Gertrude Stein

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tbieter
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Gertrude Stein

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“Why were so many prominent modernist writers and philosophers attracted to fascist or authoritarian regimes in the first half of the twentieth century? A list of those who were not—Samuel Beckett, James Joyce, Thomas Mann, and Robert Musil—pales in comparison to a list of those who were—Ezra Pound, William Butler Yeats, T. S. Eliot, Wyndham Lewis, Knut Hamsun, Paul de Man, Louis-Ferdinand Céline, Filippo Marinetti, Martin Heidegger, Robert Brasillach, and a host of others. Add to the latter the name of Gertrude Stein, one of the most avant-garde of modernist writers in the English language, who was also—it turns out—a committed supporter of Philippe Pétain, head of state of the pro-Nazi collaborationist Vichy regime in France during the Second World War.” (Emphasis added)
http://www.neh.gov/humanities/2012/marc ... rude-stein

My answer is that liberalism (or leftism) contains an authoritarian tendency, a tendency toward intolerance, an inherent tendency to want to silence or destroy the opponent.
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John
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Re: Gertrude Stein

Post by John »

Liberalism is what free markets and modern western democracies are based on. Leftism is a 1995 album by Leftfield, and a very good album it is too.

I wish people would use terms correctly.
bus2bondi
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Re: Gertrude Stein

Post by bus2bondi »

old words, new world
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The Voice of Time
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Re: Gertrude Stein

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bus2bondi wrote:old words, new world
I go with this one. Anyways, it's meaningless to say that a name leads to a reality. You can speak of a group of people who uses that name as a symbol of their cause, but the name itself will only lead nowhere.

There are communists who are anarchists, liberals who are facists and conservatives who are fundamentalists... it got nothing to do with the name, you must speak about people not names.

You can say that an x-group of specific people has a tendency to turn towards something, to say that an idea has this tendency is like saying that tomatoes has the tendency of landing on the same table as onions. It doesn't make any sense unless for your time and for your people it is normal to make a dish containing both tomatoes and onions.
tbieter
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Re: Gertrude Stein

Post by tbieter »

Why not address the question after reading the article:

“Why were so many prominent modernist writers and philosophers attracted to fascist or authoritarian regimes in the first half of the twentieth century?"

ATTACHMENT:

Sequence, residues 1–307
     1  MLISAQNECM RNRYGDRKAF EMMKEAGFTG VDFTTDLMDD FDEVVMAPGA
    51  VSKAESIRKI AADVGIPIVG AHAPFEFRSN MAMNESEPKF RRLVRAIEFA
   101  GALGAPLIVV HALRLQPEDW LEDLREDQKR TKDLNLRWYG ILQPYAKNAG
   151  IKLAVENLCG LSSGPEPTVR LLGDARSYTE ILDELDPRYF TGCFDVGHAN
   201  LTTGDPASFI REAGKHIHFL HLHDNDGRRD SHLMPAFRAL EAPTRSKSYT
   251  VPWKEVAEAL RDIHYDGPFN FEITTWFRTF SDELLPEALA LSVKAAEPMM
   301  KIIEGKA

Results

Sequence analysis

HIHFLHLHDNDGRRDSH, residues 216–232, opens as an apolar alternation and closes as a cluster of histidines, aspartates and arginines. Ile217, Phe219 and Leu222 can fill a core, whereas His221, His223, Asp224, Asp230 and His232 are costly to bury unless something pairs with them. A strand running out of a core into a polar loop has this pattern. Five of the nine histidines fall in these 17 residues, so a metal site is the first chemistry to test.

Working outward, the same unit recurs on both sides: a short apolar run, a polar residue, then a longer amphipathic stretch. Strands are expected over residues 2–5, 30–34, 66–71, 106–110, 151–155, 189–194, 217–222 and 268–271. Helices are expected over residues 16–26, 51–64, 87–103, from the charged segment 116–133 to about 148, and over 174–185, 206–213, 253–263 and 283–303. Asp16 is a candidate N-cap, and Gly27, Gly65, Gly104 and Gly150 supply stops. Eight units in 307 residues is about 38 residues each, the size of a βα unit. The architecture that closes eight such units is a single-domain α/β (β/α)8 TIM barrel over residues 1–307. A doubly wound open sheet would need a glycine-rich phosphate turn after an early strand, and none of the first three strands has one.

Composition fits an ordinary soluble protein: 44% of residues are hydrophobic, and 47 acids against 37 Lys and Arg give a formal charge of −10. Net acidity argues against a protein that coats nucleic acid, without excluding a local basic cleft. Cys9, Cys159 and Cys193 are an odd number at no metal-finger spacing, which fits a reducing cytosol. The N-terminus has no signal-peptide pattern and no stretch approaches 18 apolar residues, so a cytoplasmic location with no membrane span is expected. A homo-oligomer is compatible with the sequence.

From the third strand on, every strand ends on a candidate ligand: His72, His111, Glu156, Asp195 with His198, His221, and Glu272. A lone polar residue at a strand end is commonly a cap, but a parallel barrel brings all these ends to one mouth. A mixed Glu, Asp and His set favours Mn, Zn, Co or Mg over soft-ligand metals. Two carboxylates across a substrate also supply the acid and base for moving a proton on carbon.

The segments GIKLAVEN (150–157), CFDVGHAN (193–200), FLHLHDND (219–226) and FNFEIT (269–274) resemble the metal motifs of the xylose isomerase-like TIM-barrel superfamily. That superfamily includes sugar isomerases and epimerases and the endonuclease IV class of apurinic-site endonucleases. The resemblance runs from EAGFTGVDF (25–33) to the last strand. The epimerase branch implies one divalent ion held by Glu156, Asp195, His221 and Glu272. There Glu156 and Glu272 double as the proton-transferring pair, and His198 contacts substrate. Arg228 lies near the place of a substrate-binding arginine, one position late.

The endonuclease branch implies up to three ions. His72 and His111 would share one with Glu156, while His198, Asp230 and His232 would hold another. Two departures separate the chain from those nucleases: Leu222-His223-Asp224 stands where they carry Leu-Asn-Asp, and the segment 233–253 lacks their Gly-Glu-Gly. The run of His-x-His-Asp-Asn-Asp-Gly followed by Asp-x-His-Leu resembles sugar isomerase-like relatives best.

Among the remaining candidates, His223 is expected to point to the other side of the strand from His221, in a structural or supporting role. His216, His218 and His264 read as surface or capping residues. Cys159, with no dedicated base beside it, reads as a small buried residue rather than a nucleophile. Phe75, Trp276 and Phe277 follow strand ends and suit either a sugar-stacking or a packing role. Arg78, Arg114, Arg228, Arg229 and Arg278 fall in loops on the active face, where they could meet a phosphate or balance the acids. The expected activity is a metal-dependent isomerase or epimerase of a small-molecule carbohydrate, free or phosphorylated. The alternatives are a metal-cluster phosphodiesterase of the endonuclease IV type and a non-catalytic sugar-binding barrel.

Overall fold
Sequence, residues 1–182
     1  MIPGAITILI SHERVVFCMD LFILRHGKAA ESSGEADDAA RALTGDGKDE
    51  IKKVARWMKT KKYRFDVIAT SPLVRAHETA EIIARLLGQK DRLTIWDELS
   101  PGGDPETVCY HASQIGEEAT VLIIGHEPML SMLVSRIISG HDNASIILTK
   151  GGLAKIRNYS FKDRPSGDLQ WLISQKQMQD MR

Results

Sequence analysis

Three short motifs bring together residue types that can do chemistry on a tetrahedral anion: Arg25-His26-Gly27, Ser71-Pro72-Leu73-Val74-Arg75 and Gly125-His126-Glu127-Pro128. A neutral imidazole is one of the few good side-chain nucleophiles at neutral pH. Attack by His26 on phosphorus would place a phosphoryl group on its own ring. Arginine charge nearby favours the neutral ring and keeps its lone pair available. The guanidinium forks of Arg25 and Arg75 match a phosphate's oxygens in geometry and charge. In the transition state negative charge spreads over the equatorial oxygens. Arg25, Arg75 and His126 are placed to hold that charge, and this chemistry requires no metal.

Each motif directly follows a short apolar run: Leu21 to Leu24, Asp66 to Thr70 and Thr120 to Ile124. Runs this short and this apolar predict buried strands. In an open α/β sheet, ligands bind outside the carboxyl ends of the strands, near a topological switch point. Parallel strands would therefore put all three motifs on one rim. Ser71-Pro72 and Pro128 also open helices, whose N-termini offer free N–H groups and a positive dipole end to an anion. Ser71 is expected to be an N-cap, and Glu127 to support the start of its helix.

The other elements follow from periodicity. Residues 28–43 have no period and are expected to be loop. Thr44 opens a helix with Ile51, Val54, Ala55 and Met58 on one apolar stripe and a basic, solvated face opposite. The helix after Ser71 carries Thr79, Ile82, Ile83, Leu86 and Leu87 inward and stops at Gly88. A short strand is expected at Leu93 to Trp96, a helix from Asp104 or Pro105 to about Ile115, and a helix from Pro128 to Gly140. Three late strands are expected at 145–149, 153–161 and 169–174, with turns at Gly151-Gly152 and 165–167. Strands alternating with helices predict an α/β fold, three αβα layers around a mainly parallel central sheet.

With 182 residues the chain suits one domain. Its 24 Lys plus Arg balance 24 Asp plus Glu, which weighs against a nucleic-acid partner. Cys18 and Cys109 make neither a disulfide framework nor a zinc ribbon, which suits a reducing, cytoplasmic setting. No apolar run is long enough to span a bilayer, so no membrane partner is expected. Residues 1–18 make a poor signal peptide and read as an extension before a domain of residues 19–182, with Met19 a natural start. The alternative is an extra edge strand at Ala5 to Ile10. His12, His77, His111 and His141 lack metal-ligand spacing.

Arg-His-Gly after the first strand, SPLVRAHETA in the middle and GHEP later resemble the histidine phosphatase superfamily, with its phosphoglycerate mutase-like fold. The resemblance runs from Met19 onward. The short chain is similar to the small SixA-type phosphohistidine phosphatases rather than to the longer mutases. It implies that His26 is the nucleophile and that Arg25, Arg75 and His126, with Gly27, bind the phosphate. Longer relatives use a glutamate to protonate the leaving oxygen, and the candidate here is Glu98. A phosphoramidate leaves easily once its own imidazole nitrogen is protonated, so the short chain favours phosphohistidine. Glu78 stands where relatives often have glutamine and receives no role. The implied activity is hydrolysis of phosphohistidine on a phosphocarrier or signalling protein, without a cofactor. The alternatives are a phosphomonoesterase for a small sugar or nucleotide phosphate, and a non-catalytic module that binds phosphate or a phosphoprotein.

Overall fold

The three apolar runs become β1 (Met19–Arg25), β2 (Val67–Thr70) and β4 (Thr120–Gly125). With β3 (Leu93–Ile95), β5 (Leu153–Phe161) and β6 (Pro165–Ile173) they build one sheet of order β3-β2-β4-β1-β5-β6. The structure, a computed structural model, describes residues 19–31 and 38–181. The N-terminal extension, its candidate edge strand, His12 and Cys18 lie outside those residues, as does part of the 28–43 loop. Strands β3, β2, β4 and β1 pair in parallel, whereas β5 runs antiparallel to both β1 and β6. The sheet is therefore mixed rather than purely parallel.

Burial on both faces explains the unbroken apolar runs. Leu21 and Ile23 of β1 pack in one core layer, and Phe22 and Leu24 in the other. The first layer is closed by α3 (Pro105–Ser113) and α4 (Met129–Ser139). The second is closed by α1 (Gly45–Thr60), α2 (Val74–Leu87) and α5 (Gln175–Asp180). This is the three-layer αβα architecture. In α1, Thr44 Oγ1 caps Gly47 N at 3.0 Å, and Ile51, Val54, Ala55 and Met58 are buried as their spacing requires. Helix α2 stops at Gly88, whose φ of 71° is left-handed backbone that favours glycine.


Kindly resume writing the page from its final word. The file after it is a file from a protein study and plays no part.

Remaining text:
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Arising_uk
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Re: Gertrude Stein

Post by Arising_uk »

tbieter wrote:Why not address the question after reading the article:

“Why were so many prominent modernist writers and philosophers attracted to fascist or authoritarian regimes in the first half of the twentieth century?"
They had better fashion sense, i.e. the uniforms were spiffier.
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Arising_uk
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Re: Gertrude Stein

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bus2bondi wrote:old words, new world
Old words, same world.
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Arising_uk
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Re: Gertrude Stein

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The Voice of Time wrote:I go with this one. Anyways, it's meaningless to say that a name leads to a reality. You can speak of a group of people who uses that name as a symbol of their cause, but the name itself will only lead nowhere. ...
I understand what you say but a group that takes a name will lead it to somewhere.
There are communists who are anarchists, liberals who are facists and conservatives who are fundamentalists... it got nothing to do with the name, you must speak about people not names. ...
I can understand anarcho-communists - just, but liberal-fascists I doubt and fundamentalist can apply to most of the terms, what do you mean by it?
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John
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Re: Gertrude Stein

Post by John »

Arising_uk wrote:
tbieter wrote:Why not address the question after reading the article:

“Why were so many prominent modernist writers and philosophers attracted to fascist or authoritarian regimes in the first half of the twentieth century?"
They had better fashion sense, i.e. the uniforms were spiffier.